Working on several accounts simultaneously provides excellent training, offers a constant challenge, ample variety, and sharpens one's ability to juggle projects and meet deadlines. It also means you are more accountable for the success of the PR program, placing more pressure upon your shoulders on a day to day basis. Life in a small agency can be more demanding than in a large firm, but you'll certainly never be bored. As in other professions, if you hope to excel in public relations, don't expect to put in a 9 5 day.
In general, I think you'll find greater opportunities at smaller firms. The economics of profitably operating a small agency virtually requires hiring junior people. This places a certain responsibility on the manager or owner to train the newcomer in exchange for a relatively meager entry level salary.
One's first PR job should, more than anything else, provide you with paid on the job training, the opportunity to observe and participate in the PR process up close, to develop a PR specialty or special interest, and to decide whether small is beautiful or the big agency or corporate route is more appealing.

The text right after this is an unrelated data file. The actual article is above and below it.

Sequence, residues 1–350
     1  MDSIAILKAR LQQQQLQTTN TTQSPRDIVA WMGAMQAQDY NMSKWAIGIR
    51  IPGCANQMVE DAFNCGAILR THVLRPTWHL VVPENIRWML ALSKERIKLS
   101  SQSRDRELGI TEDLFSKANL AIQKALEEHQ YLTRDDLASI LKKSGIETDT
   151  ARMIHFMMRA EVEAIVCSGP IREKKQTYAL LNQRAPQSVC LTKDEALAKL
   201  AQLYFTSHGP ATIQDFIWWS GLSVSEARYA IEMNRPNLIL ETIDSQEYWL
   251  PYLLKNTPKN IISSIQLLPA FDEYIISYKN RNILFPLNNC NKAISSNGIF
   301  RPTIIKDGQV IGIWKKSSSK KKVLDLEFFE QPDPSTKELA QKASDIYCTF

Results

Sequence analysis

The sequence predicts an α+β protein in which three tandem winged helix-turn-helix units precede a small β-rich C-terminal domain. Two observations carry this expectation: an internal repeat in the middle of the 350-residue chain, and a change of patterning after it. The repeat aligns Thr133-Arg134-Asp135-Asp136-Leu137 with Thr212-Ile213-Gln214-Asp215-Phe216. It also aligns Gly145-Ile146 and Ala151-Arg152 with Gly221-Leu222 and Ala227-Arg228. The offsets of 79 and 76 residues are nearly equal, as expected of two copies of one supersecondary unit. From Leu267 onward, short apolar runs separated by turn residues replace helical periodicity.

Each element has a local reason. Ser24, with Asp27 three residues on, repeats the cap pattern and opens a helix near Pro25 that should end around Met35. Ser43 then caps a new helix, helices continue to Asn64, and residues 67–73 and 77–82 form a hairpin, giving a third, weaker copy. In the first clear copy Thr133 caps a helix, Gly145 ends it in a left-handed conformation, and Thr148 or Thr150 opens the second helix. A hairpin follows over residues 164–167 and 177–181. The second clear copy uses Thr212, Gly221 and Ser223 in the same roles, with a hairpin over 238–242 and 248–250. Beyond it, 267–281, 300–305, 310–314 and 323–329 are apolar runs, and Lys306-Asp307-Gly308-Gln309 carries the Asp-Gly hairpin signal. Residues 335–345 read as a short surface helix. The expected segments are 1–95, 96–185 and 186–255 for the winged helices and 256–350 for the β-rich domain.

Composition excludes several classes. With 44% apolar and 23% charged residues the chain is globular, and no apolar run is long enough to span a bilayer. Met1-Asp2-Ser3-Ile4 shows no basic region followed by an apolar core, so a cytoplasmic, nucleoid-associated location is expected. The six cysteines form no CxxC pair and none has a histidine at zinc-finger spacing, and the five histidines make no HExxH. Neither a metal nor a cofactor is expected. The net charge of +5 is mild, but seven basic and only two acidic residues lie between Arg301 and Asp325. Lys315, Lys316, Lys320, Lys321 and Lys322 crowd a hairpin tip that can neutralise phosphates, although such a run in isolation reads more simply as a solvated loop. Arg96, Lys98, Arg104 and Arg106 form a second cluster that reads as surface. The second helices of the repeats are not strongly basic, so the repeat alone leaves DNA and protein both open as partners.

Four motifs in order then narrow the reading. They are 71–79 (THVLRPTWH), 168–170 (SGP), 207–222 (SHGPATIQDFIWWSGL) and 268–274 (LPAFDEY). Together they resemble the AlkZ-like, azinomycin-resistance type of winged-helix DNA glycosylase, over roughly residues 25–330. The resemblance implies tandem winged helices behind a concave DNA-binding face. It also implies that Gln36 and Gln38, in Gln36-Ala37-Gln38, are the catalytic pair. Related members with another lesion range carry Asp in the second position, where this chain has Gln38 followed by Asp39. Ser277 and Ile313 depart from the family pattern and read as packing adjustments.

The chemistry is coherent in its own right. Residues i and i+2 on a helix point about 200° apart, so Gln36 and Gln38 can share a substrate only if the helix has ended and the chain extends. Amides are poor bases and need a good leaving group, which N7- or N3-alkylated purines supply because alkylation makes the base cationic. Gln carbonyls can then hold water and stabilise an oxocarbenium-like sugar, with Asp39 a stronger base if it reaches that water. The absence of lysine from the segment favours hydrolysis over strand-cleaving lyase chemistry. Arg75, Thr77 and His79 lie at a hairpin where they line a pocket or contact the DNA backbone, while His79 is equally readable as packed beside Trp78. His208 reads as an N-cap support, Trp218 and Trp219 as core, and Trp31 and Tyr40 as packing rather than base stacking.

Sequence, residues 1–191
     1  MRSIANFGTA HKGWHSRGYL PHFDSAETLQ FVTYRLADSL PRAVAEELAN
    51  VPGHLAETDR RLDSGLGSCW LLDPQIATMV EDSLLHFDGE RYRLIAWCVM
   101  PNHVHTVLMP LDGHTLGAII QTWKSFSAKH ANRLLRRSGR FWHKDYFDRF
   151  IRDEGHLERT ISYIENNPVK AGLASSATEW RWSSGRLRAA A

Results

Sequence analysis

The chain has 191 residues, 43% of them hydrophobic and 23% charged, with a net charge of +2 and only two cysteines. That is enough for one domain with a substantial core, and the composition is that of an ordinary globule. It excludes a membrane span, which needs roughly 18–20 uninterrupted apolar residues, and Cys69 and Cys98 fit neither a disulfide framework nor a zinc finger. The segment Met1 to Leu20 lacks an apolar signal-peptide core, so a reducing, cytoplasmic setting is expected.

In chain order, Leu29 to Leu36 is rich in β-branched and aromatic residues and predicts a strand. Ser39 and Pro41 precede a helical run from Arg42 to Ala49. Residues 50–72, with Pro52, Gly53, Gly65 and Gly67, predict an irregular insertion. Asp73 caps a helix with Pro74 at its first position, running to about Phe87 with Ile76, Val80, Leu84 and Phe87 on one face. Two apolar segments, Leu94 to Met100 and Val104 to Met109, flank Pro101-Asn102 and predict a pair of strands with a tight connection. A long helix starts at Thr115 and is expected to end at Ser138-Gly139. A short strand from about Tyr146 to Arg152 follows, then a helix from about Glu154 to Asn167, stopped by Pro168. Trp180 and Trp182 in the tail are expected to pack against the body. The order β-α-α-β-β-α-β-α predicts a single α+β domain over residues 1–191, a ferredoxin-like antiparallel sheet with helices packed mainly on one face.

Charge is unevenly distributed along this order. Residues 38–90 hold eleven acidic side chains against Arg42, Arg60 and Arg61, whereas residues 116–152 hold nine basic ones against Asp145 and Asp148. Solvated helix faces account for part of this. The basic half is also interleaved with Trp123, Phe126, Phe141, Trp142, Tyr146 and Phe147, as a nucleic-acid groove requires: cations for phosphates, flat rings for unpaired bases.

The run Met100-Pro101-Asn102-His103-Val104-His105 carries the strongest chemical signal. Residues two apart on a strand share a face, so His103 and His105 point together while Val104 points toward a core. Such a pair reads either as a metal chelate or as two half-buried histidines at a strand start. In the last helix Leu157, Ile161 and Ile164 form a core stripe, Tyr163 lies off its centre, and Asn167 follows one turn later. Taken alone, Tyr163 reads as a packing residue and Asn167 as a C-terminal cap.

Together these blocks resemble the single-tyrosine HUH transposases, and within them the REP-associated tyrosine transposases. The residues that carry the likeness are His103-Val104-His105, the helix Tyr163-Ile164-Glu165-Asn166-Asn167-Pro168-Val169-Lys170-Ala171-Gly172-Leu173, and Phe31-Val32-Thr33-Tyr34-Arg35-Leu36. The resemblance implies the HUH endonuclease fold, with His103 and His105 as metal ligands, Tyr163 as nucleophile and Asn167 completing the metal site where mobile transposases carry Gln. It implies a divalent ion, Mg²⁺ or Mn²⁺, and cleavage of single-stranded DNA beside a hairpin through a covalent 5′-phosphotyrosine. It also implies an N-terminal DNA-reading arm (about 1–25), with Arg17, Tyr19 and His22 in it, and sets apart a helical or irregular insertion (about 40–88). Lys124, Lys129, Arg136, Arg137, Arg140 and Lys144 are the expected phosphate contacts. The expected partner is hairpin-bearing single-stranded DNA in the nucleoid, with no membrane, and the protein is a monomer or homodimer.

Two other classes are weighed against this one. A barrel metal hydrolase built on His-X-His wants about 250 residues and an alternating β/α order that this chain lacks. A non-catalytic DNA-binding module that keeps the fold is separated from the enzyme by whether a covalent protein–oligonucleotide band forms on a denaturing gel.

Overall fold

A Typical Day at a Small Firm
Monday presents a good example of a typical day at Visibility. In the morning, I meet with each PR professional to review their "to do" lists for the coming week. The same procedure holds for all levels, with the more experienced professionals requiring less supervision and support throughout the week. We operate on the Socratic principle: People are urged to think things through on their own, determine a course of action, present their decisions to me, and be ready to defend them. The professional staff is urged to ask questions before making decisions. I never criticize one for asking questions; it is far better to appear unsure than to boldly err, procedurally or strategically.